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post #1 of 3 Old 10-17-2011, 03:39 AM Thread Starter
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Smile floating plants

im starting a breeding operation and have necer keept live plants but imm looking to add to my tanks with some plants from ebay they are as follows dwarf floating lettce, pista stratiates ,amazon frogbit, satrina auriculata and then java moss on the bottom
ples let me know what you think as far as easy care and hidding the babies
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post #2 of 3 Old 10-17-2011, 12:54 PM
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Some are suitable, others less so; and some are difficult to cultivate.

Pistia stratiotes (common Watter Lettuce) grows very large, and is best in ponds. For your purposes (in a small tank for fry), I would not choose this plant.

The dwarf form I have not personally seen, but from what I have read it would be suitable. Like the above, it needs good light and nutrients. I think there are better choices.

Limnobium laevigatum (Amazon Frogbit) is in our profiles (click the shaded name). Not always easy to cultivate, it goes through rest periods.

Salvinia auriculata (I assume this is your "satrina") is ideal as a shade plant. It is also in our profiles. Not my choice for fry as the roots are not extensive.

Ceratopteris cornuta (Water Sprite), without doubt, the best floating plant for fry. The extensive roots dangling in the water collect all sorts of fry food. If hiding is also required this plant also fits the bill. I have had gourami species spawn in tanks covered with this plant and several fry will survive without my intervention. Also suitable for livebearer fry.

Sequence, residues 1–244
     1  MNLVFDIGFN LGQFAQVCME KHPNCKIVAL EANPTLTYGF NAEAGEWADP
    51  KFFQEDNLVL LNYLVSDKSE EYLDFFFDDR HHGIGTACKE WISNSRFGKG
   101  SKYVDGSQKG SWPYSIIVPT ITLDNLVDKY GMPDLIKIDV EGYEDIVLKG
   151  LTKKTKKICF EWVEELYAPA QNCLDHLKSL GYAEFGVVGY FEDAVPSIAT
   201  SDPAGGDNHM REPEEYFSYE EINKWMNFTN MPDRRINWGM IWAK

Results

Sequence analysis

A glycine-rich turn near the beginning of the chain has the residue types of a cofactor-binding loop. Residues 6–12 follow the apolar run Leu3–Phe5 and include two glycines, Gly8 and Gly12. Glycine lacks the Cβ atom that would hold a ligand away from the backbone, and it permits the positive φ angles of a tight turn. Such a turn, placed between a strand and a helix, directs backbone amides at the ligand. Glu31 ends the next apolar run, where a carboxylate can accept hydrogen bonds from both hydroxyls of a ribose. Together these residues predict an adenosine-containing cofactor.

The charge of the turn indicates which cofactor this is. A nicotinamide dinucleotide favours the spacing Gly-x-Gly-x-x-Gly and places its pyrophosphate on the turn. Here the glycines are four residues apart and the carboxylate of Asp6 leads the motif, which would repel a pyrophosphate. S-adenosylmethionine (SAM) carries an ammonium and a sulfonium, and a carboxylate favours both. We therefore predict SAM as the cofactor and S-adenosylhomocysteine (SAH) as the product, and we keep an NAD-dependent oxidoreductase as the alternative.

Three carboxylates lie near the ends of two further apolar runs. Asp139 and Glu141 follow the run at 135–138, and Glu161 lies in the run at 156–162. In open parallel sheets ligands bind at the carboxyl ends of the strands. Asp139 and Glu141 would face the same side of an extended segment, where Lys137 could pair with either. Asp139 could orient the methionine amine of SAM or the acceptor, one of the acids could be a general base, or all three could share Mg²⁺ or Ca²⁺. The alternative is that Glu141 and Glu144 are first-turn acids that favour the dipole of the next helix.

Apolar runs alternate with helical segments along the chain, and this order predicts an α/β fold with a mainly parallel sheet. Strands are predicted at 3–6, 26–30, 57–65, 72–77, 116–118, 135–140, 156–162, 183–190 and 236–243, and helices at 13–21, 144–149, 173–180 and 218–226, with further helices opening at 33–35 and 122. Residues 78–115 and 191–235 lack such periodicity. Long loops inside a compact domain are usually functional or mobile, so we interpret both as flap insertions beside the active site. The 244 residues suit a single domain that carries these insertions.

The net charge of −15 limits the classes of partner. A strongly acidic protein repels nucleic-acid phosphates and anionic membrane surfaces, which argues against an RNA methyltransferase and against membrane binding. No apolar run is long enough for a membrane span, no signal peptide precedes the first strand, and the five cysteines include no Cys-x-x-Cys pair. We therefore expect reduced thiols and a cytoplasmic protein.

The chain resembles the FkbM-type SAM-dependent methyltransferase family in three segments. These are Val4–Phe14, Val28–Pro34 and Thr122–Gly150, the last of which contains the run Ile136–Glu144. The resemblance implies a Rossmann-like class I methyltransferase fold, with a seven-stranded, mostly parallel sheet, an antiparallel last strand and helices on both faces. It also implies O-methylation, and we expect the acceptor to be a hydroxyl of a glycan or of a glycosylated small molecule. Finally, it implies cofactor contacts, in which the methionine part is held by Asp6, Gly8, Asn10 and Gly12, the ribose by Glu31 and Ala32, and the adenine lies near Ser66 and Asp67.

Some stem plants work very well. Cabomba is probably the best for fry hiding, and in livebearer tanks this works very well if there is enough of it left floating. Brazilian Pennywort also, though not as thick for the hiding aspect.


Byron Hosking, BMus, MA
Vancouver, BC, Canada

The aquarist is one who must learn the ways of the biologist, the chemist, and the veterinarian. [unknown source]

Something we all need to remember: The fish you've acquired was quite happy not being owned by you, minding its own business. If you’re going to take it under your wing then you’re responsible for it. Every aspect of its life is under your control, from water quality and temperature to swimming space. [Nathan Hill in PFK]
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post #3 of 3 Old 10-17-2011, 01:04 PM
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I agree that water sprite is probably the best option. I have all the plants Byron mentioned in my tanks, except the water lettuce (can't import it into my state). The water sprite grows and replicates very fast, tolerates a variety of light conditions pretty well (prefers moderate-high levels) and looks very good planted in a dark substrate. I don't love the way it looks floating, but the root system is nice and dense for fry.
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